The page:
The Bottom Line

Many factors should be associated with an individual's drug dependence and eventual addiction. Besides believing that addicts just make a bad decision to take substances and abuse them because of their weak wills, the public must understand and address many underlying factors that contribute to drug abuse.

Even something as simple as recognizing that early aggressive behavior and poor social skills in children is a factor may lead to intervention before any abuse occurs. The school and the community must help those children who show certain tendencies toward addiction.

Yet, even more important, parents must model good behavior and dedicate themselves to proper parental supervision. Without strong family support, any child is a target for peer pressure and any of a myriad of other abuse stressors that surround him or her. I personally believe parents mistakenly consider teens, as they enter adolescence and progress through their high school years, are capable of living independently, thinking critically, and solving complex problems with less and less parental input.

I can assure you that a teenager may look like an adult, but he or she possesses a frontal cortex in need of years and years of more crucial development. Rules, promises, and wishful thinking that a teen will not take liberties to cross set boundaries that provide minimal risk are not guarantees that the youngster will maintain sobriety. Being enough of a “helicopter parent” without being too restrictive is a fine art. Suffice it to ask yourself: “Do I want to maintain my child's innocent, natural maturation while delaying any possible life-threatening independent choices?” Research proves not only abstinence but years of delay save teen lives.

In a environment like Scioto County, the relatively easy availability of drugs cannot be ignored as one of the most negative social causes of addiction. Schools, parents, neighbors must report all illegal drug activity to enforcement, no matter their fear of negative consequences. In turn, law enforcement must do everything possible to eradicate these criminals. Unless people stand up against poison in their midst, that substance will reek untold damage.

Another huge factor in play in our county is poverty. This community factor of poverty facilitates the abuse of drugs. In a county of less than 80,000 inhabitants, I believe more should be done inter-community. Wheelersburg, Sciotoville, Lucasville, West Portsmouth, South Webster, and all other areas should use our Appalachian ties to fuse countywide efforts to eliminate squalid conditions and to foster pride in the work ethic and furthering education. Indifference breeds problems, and it is evident many people here remain unsupportable bystanders.

The positive reinforcement one receives as a reward from the use of drugs represents a powerful enemy to resist. So many people claim getting high is the best method of avoiding pain. They experiment, then encounter dependency, and soon find the very “cure” to their pain is the beginning of a living hell known as full-blown addiction.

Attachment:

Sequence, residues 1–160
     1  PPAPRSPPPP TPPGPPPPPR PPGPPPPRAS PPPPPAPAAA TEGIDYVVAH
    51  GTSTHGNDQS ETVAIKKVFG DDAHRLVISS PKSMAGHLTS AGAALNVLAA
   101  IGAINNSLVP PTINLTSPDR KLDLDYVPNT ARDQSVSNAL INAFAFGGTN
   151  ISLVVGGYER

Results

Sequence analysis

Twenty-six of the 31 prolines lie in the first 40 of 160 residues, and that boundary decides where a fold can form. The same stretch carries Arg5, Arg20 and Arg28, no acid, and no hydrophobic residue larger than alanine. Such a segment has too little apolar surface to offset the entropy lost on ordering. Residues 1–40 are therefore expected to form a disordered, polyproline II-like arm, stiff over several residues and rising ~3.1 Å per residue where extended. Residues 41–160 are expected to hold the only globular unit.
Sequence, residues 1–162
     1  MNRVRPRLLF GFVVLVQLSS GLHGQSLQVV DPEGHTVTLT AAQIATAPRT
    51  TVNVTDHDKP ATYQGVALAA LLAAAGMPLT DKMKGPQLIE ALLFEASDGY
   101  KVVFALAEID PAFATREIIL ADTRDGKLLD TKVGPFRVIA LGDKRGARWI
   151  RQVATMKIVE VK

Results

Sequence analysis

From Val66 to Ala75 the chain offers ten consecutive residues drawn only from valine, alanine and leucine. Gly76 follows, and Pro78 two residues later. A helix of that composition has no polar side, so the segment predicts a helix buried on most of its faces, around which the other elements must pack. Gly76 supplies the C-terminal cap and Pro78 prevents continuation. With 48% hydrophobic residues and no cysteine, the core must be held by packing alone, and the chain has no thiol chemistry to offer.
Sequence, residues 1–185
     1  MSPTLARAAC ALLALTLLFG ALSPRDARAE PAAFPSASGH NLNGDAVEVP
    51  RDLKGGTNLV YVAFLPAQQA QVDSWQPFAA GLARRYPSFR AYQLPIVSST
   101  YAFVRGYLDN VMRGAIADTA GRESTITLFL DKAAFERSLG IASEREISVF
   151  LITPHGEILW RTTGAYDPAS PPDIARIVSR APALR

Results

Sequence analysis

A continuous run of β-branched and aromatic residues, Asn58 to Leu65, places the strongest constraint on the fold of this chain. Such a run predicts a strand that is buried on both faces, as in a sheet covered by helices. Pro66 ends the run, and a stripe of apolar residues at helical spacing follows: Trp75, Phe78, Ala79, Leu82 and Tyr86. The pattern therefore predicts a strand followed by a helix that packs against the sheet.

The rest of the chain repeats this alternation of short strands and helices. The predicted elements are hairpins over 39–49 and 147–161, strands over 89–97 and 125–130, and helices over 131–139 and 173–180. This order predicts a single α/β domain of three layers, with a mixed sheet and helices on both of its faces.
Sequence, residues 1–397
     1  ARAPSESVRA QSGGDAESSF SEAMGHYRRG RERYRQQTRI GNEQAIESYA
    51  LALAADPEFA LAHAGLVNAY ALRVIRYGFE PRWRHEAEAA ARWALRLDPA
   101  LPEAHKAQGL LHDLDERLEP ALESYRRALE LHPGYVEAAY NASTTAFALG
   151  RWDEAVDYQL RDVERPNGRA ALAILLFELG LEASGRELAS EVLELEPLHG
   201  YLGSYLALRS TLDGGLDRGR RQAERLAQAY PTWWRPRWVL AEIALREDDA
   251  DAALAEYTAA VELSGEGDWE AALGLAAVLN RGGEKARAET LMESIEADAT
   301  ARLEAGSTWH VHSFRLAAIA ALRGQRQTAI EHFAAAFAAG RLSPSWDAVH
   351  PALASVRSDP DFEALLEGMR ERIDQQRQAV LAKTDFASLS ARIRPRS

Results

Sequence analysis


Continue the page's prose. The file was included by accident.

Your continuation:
Finding all of the sources of pain and structuring strategies to change how we deal with it is the most difficult challenge to ending drug abuse. Reread the factors that contribute to addiction in the BPS model again. Is it any wonder we are inundated with drugs and with addiction? So much must be changed to have a significant effect on drug abuse, which is our biggest detriment because it directly affects so many major problems.

Lastly, I abhor this Scioto County (I call it Psych-Co.) class-structured attitude held by so many people here that the small minority of those they consider the “least of us” does 99.9% of the “worst damage.” These same people believe they and their near-perfect loved ones and friends are above reproach, and they definitely consider drug abuse is a problem perpetuated by the “least of us” and limited to that lowly group. This faulty judgment is stereotyping, pure and simple.

Somehow, some way, under the circumstances described above or in other unmentioned situations, people of every admirable human trait are being crippled and/or dying as slaves to drug addiction in Scioto County. Strangers, friends, family – all around us these people succumb to the ravages of substances that greedily consume their own hosts.

I can tell you this is true from first-hand knowledge. I can direct you to scores and scores of those who will also tell you the same. But, to many of you, that will not change your attitude on so-called “dirty drug addicts.” Those of you who blame without care feel bulletproof and confident in your judgment.

Only one image can change such a terrible misconception. Allow yourself to envision “them” as “you.” Think about your dearest loved one morphed into an unrecognizable stranger who cares nothing about family – a human sacrifice to substances so strong that nothing matters to him or her except getting another fix. The transformation wanders the neighborhoods of your county as you wonder what went wrong. But, no answer comes, only the final solution – bars of imprisonment or a cold casket.